The Goodwin Games
Episode 3: Small Town
By: Carlos Uribe
The Goodwin Games is about three siblings who compete for their inheritance and get closer as a family.
The premise of the Goodwin Games doesn't really play into this episode. We don't get to see April, there is no challenge to drive the plot, and the inheritance is only occasionally mentioned. If the Goodwin Games had a shot at a second season then this would be the first example that the series doesn't need the premise to drive every episode. It wouldn't be a very good example because Small Town is a mixed episode. It's very funny and entertaining but the narrative lacked the focus that the inheritance game provide. There is supposed to be this big emotional climax at the end where the family is brought together but it doesn't really work because the writers try to put too many internal conflicts into play without really being able to tie them together. The writers should have picked just one theme and built the episode around that. It's possible that if they had done this then Small Town could have proved that the Goodwin Games could survive without it's premise on a weekly basis. At the moment, the show would remain entertaining but it would lack the focus to make any of the emotional moments land. The ending in Small Town is supposed to be heart-warming but it easily veers into cheesy because it lacked focus. The episode is funny but none of the emotional beats land because their all over the place. The viewer should be entertained by the Goodwin Games but they won't find themselves feeling anything. It will just come across as a shallow way to spend your evening rather than a must-watch comedy. Small Town would not have made for a good example if the series was coming back for a second season that it didn't need the premise to drive the episode. This is simply because without the premise to provide the narrative drive, the episode was too scattered for the plot to work.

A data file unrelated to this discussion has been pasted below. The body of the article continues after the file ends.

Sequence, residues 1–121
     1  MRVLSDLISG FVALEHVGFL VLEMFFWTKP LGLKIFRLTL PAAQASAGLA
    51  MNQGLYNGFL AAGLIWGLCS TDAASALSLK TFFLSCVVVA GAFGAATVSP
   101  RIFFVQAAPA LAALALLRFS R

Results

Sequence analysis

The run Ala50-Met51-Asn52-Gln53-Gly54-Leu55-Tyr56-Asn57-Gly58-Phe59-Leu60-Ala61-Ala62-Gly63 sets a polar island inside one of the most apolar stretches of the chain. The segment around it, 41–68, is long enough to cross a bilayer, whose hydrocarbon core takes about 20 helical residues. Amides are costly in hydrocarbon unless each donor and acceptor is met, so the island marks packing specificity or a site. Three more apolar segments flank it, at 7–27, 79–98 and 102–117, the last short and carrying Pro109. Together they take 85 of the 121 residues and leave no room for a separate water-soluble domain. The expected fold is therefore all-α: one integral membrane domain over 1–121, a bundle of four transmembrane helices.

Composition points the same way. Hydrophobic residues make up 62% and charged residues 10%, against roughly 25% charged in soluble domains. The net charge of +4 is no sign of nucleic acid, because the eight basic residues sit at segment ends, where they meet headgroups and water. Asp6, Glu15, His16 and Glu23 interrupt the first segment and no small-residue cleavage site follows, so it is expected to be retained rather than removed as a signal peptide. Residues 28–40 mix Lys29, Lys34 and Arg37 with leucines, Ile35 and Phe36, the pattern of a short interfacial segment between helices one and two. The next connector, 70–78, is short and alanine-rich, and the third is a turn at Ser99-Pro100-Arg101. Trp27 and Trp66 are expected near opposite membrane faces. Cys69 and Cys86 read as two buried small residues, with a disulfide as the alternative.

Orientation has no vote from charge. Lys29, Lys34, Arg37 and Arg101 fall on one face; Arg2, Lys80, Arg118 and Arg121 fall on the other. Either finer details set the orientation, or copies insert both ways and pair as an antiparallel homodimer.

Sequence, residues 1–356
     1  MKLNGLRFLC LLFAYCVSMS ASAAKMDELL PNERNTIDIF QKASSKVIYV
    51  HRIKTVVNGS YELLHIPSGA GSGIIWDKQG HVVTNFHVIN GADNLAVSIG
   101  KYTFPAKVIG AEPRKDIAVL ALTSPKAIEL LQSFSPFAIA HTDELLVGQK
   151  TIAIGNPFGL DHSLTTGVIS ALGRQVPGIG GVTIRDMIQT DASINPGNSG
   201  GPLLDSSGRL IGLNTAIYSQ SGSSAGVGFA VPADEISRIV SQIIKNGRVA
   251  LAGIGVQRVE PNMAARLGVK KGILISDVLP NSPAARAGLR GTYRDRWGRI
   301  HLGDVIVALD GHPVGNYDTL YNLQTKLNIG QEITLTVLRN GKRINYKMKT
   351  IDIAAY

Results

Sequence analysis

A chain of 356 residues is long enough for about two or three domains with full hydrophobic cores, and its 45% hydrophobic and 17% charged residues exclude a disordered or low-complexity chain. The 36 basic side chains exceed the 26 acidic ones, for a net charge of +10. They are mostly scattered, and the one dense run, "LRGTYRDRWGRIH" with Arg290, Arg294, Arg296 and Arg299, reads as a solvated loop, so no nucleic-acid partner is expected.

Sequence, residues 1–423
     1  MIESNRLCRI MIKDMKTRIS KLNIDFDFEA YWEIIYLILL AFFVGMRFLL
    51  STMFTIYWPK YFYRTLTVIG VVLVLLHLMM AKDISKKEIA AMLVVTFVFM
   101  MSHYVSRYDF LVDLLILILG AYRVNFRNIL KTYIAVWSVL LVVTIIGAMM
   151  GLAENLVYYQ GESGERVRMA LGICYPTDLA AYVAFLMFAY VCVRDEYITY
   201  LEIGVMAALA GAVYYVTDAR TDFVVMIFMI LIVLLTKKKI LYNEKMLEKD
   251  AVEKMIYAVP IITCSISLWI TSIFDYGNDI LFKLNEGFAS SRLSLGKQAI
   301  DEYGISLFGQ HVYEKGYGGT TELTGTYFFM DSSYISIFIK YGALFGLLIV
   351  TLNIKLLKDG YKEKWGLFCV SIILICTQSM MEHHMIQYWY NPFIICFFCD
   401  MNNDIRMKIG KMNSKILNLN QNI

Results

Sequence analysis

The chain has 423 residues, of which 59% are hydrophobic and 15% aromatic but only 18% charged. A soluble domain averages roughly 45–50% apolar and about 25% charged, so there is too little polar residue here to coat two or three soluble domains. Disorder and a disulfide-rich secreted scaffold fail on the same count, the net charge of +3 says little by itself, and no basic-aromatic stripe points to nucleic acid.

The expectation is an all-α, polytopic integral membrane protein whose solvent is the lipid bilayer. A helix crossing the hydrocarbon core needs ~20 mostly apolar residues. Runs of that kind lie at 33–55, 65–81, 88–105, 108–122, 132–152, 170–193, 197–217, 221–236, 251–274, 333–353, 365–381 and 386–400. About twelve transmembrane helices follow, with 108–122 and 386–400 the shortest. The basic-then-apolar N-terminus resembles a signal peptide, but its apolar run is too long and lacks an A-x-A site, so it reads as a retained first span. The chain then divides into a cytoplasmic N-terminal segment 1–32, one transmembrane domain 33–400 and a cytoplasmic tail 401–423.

The main conflict has to be between Jimmy and Chloe. She's worried when she learns that he has a secret project because she's afraid it's illegal. She's worried that he'll go to jail so she tries her best to intervene. This involves giving him lectures and trying to set him on the right path. She is alone in her fight as Henry is too busy working until she practically forces him to stay home and help her deal with Jimmy. He's not much help. It's an effective conflict but what is it about? That's where the show falters. It's a good idea to have the relationship between Jimmy and Chloe be the center but it never actually allows this. It makes the mistake of giving Chloe a secondary conflict where her apartment in Los Angeles is at stake and a tertiary one where she's homesick. When she should be worrying about her brother, she's too busy having to deal with a problem I could care less about. Who cares if her roommates rent out her room while she's in New Hampshire? She might have lost her stuff but it's not like we even got a glimpse of it. It's hard to care about her material possessions that are so far away or her living conditions since she's currently staying in Gramby. As for Jimmy? The show makes the right choice by having him be building a trainset that he had started with his father. There's even a part where he promises to build one with his daughter and to actually finish it rather than give up four days. It plays into Jimmy's father issues. The problem is that this issue is largely in the background rather than having any importance. We spend more time with Chloe's stuff in Los Angeles than with Jimmy's father issues. Which is frustrating since his father issues might indicate why he's resorted to crime throughout his life. The real kicker is that we learn nothing on why Chloe is so worried about Jimmy when she's there with him but can ignore him when she's away. There is nothing in their relationship that is explored beyond the two being siblings.